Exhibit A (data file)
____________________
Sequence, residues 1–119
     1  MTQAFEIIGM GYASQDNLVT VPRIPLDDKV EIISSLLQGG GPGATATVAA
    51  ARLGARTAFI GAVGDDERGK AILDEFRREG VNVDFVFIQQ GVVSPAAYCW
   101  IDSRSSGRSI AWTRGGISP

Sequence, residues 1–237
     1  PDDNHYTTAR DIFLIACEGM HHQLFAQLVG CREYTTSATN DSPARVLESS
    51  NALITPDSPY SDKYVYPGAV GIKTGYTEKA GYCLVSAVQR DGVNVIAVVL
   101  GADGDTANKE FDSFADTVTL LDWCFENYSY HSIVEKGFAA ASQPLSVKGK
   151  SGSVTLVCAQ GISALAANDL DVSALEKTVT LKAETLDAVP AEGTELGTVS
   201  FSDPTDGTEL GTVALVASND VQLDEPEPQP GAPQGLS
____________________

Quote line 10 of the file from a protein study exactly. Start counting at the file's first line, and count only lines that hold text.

   201  FSDPTDGTEL GTVALVASND VQLDEPEPQP GAPQGLS